|RPerl - Running Perl 5 Faster|
|Tuesday, 19 April 2016|
Version 1.7 of the Perl 5 to C/C++ optimizing compiler, codenamed Tycho was released earlier this month. The issue RPerl tries to address is Perl's slow performance, sufficient for most cases, but prohibitive for the real time domain.
Perl trades speed for flexibility as it takes care of many things so the programmer won't have to, such as tying hashes (a term that refers to an intricate internal functionality) reference counting, automatic type conversions, closures, autoloading and much more.
Another issue that does not allow Perl to speed up is its inherent compiling process is that it does not emit bytecode but something called an Op-tree instead. That Op-tree is similar to an AST but not quite, with each Op-tree node overburdened with a complicated set of instructions
Emitting bytcode instead would enable the interpretation of Perl code by a modern VM like RPython or LLVM, something that would lead to significant performance improvements
That is a daunting task, however, as it would require a complete, or at least heavy, rewrite of Perl's internals, something too complex and too time consuming to undertake.
This is the way Perl 6 took, however, choosing to start with a clean code base and break backwards compatibility by emitting bytecode for MoarVM or JVM. It is "Perl 5 done right" according to Larry Wall, suggesting that Perl 6 is an attempt to correct all mistakes in Perl 5's design
The alternative is to work with a trimmed down version or subset of Perl, that can be actually compiled to C or even translated into bytecode.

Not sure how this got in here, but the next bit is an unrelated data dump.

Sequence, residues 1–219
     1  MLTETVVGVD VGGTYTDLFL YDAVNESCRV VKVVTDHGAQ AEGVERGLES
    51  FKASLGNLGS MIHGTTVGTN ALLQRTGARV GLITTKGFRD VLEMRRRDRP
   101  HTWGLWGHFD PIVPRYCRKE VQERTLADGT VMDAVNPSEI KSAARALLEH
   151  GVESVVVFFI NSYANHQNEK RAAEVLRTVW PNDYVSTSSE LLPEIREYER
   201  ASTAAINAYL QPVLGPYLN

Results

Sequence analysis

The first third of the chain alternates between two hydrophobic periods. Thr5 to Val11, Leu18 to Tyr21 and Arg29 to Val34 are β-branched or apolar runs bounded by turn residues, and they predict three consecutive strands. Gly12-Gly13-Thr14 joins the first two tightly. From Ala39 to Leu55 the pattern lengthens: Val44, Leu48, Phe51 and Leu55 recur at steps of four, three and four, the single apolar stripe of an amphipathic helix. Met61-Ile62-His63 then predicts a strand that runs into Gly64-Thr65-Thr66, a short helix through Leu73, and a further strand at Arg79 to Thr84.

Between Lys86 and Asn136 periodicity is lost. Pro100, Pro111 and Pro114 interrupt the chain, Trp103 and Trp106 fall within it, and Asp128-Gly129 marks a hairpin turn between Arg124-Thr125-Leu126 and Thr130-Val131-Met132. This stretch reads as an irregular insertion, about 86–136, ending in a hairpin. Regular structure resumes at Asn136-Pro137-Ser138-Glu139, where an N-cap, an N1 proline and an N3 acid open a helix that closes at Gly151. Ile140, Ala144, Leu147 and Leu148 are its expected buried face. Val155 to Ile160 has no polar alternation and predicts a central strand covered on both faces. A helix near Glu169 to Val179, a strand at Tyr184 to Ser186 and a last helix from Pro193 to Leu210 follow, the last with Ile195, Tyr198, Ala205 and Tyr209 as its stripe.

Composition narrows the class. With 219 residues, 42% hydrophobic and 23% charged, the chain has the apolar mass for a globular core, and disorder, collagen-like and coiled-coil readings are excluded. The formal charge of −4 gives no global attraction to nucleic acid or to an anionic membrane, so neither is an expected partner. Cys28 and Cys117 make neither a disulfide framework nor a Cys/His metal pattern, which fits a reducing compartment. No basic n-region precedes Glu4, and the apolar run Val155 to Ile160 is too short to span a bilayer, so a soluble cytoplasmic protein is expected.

There were inherent attempts to convert Perl's op-tree to bytecode format, namely with the B::Bytecode modules, but that bytecode was never intended for use in a VM but just for freezing the op-tree to disk so that it could be later loaded and interpreted again, thus giving Perl a certain amount of platform independence.
The closest to native code translation ever reached was the perlcc, the perl-to-c-compiler, but it was plagued with serious reliability problems and was finally deprecated in Perl version 5.10.
The purpose of RPerl is similar to that of perlcc - compiling Perl to C code, but for the subset that can be statically compiled, hence the R for Restricted Perl.
This way the rewrite of Perl's internals is avoided, and instead a compromise is striken between removing the high magic parts that cannot be statically compiled,thus trading flexibility for performance and to deal only with the low magic parts that can be statically compiled
"high magic" refers to the most complex and flexible parts of Perl , while "low magic" are the parts of Perl which can be made to run fast
Leaving high magic out means that Perl code writen for RPerl cannot use the language's rich features such as auto-vivification, tied variables, typeglobs, code references, weak references, magic lvalues etc.The can and can't do are documented in "The Low-Magic Perl Commandments".
Add to this complexity Perl's habit of invoking the runtime during its compilation phase,hence running code whose results are subsequently used in further compilation,and vice versa, and you can see where the 'only Perl can parse Perl' quote is coming from
Although leaving high magic out removes functionality off the language, the notion is that the domain specific applications (scientific,maths,games) that need RPerl's performance boost do not make use of those features anyway
(click to enlarge)
Performance boost aside, these improvements could also boost Perl's popularity amongst businesses, who might currently be reluctant to adopt it due to its speed limits
The future holds thoughts to somehow combine the parts that can be statically compiled, with a JIT for the dynamic parts that can be interpreted, as well as increasing the coverage of high magic parts
Will Braswell, RPerl's lead, is also involved in the closely related project P11,which embraces the idea of Perl 5's and Perl 6's re-unification,
For a recent presentation on the matter, see the April 11 Google hangouts video presentation on RPerl and Perl11.
In the latest edition of FLOSS Weekly, Randal Schwartz and Aaron Newcomb present an hour-long video interview with Will Braswell about RPerl.
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|Last Updated ( Wednesday, 20 April 2016 )|